Supreme Court Nomination
U.S. Sen. Pat Toomey took his view that the next president should pick Supreme Court Justice Antonin Scalia’s replacement a step further on Thursday, saying that the U.S. Senate should not hold confirmation hearings on any nominee picked by President Obama.
The Founding Fathers whom conservatives are so fond of deferring to left no doubt how this was supposed to work. The president offers a nominee to fill the vacancy, the Senate explores his or her credentials and decides whether to consent to the appointment.
In a recent interview, Toomey downplayed concerns about leaving a court seat open for roughly a year, and the potential for gridlock on the court.
He told the AP: “It’s not that big a deal.”
It is a big deal.
According to the Congressional Research Service, the average number of days from nomination to final Senate vote since 1975 is 67 days. President Obama still has over 300 days in his 2nd term. The NY Times has published a very informative graphic about Supreme Court nominations and the length of the nomination process.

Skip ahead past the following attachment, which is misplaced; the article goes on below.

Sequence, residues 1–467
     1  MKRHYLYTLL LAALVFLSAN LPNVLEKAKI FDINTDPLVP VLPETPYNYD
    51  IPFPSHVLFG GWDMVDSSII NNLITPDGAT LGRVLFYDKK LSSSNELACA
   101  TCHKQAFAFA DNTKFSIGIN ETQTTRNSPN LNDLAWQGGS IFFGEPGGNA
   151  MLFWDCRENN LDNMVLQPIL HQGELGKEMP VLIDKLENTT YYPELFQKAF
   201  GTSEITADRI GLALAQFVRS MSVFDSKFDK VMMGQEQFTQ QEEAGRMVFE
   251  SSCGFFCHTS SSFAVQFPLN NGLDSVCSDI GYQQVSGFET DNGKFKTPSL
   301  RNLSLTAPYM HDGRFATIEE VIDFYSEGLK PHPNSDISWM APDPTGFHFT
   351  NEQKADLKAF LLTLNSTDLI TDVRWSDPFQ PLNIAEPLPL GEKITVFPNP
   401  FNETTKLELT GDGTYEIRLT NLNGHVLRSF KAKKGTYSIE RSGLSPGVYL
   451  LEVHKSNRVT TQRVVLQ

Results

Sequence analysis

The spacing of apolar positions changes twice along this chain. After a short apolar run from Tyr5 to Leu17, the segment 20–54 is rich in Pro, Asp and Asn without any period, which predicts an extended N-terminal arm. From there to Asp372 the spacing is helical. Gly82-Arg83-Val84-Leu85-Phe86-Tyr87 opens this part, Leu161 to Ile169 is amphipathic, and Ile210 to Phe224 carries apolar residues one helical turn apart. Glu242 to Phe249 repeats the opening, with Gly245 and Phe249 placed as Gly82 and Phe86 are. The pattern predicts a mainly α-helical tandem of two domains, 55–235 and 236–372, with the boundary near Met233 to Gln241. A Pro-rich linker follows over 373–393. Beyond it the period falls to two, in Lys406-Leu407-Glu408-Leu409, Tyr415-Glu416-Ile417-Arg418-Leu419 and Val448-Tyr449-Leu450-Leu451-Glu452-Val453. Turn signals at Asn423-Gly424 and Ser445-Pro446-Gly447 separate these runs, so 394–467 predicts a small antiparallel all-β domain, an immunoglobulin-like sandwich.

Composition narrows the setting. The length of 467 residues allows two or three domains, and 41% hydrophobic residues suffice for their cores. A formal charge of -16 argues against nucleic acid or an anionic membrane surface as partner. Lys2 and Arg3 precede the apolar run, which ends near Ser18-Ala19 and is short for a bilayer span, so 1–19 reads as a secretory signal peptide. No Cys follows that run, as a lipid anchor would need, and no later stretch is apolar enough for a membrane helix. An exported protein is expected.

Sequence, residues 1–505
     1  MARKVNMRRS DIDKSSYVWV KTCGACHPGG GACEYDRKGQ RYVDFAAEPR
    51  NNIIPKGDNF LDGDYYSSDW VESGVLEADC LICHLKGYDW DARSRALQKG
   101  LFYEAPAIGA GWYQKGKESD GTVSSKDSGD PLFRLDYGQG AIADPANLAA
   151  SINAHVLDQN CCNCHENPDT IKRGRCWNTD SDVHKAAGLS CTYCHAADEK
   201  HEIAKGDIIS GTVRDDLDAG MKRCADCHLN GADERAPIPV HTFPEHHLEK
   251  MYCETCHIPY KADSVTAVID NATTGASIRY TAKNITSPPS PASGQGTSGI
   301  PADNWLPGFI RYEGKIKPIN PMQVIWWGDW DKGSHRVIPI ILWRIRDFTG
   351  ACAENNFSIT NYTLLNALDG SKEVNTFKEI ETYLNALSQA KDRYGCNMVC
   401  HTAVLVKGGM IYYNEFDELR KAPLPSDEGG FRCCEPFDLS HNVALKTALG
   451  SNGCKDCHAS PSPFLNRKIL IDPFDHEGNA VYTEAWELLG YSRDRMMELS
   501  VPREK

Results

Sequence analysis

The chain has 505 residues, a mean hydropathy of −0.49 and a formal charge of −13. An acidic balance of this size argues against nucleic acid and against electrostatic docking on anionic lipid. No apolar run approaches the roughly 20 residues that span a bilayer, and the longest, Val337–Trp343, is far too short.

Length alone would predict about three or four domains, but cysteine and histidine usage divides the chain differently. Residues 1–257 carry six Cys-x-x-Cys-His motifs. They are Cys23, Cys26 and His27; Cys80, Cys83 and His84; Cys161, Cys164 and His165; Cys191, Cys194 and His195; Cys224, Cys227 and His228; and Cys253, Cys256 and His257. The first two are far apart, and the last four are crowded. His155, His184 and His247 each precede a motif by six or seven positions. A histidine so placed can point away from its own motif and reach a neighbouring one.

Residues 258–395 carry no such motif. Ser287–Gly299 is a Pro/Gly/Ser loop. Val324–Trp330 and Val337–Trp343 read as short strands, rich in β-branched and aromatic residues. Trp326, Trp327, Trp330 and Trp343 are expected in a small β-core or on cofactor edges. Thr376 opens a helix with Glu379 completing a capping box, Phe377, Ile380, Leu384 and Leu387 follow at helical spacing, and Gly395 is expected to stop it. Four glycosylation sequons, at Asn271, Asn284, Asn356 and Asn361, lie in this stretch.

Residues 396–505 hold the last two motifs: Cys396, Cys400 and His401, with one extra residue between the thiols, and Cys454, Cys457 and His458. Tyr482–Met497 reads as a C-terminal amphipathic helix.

The Supreme Court has a full docket for this year.
A few of the Important Issues being decided include:
- Union Rights
- Women’s Access to Health Care
- Voting Rights
- Access to Birth Control
More info on these cases and issues in this article from the National Constitution Center.
Do you think decisions about these issues are “No Big Deal“?